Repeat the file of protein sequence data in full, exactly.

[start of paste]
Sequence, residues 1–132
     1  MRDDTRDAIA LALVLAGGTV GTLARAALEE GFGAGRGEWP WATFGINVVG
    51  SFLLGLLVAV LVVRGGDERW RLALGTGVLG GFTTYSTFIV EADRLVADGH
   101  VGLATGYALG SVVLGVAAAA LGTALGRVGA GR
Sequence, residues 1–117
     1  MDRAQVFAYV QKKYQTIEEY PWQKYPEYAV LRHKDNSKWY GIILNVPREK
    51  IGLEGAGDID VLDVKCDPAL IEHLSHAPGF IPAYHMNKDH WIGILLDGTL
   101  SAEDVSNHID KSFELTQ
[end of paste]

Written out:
Sequence, residues 1–132
     1  MRDDTRDAIA LALVLAGGTV GTLARAALEE GFGAGRGEWP WATFGINVVG
    51  SFLLGLLVAV LVVRGGDERW RLALGTGVLG GFTTYSTFIV EADRLVADGH
   101  VGLATGYALG SVVLGVAAAA LGTALGRVGA GR
Sequence, residues 1–117
     1  MDRAQVFAYV QKKYQTIEEY PWQKYPEYAV LRHKDNSKWY GIILNVPREK
    51  IGLEGAGDID VLDVKCDPAL IEHLSHAPGF IPAYHMNKDH WIGILLDGTL
   101  SAEDVSNHID KSFELTQ